Italy debates further Covid rule changes as daily cases near 100,000

Italy announced a new record high 98,020 Covid cases in the last 24 hours on Wednesday as the government considers further tightening health restrictions.

People wear face masks as they walk in central Rome.
Italy is expected to announce new restrictions just days after a new Covid-19 decree came into force. Photo: Vincenzo PINTO/AFP

The daily positive figure is a sharp increase on Tuesday’s 78,313 cases, the previous record high since the start of the pandemic.

A total of 1,029,429 tests were carried out on Wednesday, compared to 1,034,677 on Tuesday, the data from Italy’s health ministry showed. The test positivity rate rose from 7.5 percent to 9.5 percent.

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There were 136 more Covid deaths reported on Wednesday, compared to 202 on Tuesday.

Intensive care cases increased by 40 to a total of 1,185 nationwide, and hospital admissions were up 489 to 10,578.

The figures came as the Italian government called a meeting on Wednesday evening to discuss further changes to the country’s health measures – just days after a new Covid-19 decree came into force.

The Italian government’s panel of scientific experts, the comitato tecnico scientifico or technical scientific committee (CTS). is expected to decide on Wednesday whether a cut to the quarantine period should be allowed for triple-vaccinated people who come into contact with a positive case.

EXPLAINED: How to get a Covid-19 vaccine booster shot in Italy

The change is expected to come amid concerns about the economic impact of millions of people having to quarantine in Italy at the same time.

Senior health ministry figures earlier this week predicted Italy would soon exceed 100,000 daily cases – meaning up to half a million more people could be required to quarantine every day.

Hundreds of trains are being cancelled daily, operator Trenord said on Wednesday, due to a high number of staff absences.

The Italian government is set to make a decision on Wednesday night following the scientific panel’s recommendations.

It will also discuss whether to extend a ‘super’ or reinforced green pass obligation to all workplaces, according to reports from news agency Ansa on Wednesday citing government sources.

A move to expand the country’s current vaccine mandate would face strong opposition from within the coalition government, however, and looks unlikely to be approved at Wednesday’s meeting according to La Repubblica.

Italy’s reinforced green pass. introduced in early December, can only be obtained via vaccination or recovery, and not with a negative test result.

For further details about Italy’s current Covid-19 health measures please see the Italian Health Ministry’s website (available in English).

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Masks to remain mandatory on Italian flights after May 16th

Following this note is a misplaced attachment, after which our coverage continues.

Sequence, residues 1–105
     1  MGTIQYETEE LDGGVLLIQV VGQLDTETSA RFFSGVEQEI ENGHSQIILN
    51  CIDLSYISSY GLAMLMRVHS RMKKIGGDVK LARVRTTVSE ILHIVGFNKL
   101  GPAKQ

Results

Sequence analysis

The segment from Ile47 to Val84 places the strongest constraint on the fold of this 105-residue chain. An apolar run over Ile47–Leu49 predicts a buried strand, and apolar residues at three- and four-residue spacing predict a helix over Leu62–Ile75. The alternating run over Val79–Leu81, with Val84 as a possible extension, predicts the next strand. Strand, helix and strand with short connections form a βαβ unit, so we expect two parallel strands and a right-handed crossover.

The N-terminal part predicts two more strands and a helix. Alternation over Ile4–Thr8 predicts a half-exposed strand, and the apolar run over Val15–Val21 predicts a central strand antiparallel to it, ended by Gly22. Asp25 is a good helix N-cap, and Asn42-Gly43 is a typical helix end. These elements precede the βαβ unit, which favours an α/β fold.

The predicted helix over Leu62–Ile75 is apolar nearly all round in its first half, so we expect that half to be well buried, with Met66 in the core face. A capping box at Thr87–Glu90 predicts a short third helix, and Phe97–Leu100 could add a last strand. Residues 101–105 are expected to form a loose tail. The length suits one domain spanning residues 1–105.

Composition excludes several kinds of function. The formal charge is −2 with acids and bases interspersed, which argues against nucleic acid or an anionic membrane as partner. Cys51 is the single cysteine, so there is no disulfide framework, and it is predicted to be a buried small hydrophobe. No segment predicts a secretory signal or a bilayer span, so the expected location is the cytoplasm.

It will still be obligatory for passengers to wear masks on flights to Italy until mid-June, despite the end of the EU-wide requirement on Monday, May 16th, the Italian government has confirmed.

Masks to remain mandatory on Italian flights after May 16th

The Italian government reiterated on Friday that its current mask-wearing rules remain in place until June 15th, reports newspaper Corriere della Sera.

This means the mask mandate will still apply to all air passengers travelling to or from Italy, despite the end of an EU-wide requirement to wear masks on flights and at airports across the bloc from Monday.

READ ALSO: Reader question: What type of mask will I need for travel to Italy?

National regulations take precedence, the European Union Aviation Safety Agency (EASA) and European Centre for Disease Prevention and Control (ECDC) confirmed when announcing the end of the EU rules.

“Wearing face masks at airports and inflight should be aligned with national measures on wearing masks in public transport and transport hubs,” they said in a joint statement published on May 11th.

READ ALSO: Why are so many Italians still wearing face masks in shops?

“If either the departure or destination States require the wearing of face masks on public transport, aircraft operators should require passengers and crew to comply with those requirements inflight, beyond 16 May 2022.

“Further, as of 16 May 2022, aircraft operators, during their pre-flight communications as well as during the flight, should continue to encourage their passengers and crew members to wear face masks during the flight as well as in the airport, even when wearing a face mask is not required”.

The Spanish government also said on Thursday that air passengers would have to continue wearing face masks on planes.

Italy’s current rules specify that higher-grade FFP2 masks should be worn on all forms of public transport, including buses, trams, regional and high-speed trains, ferries, and planes.

Though rules were eased in some settings from May 1st, masks also remain a requirement until June 15th at Italy’s cinemas and theatres, hospitals and care homes, indoor sporting event and concert venues, schools and universities.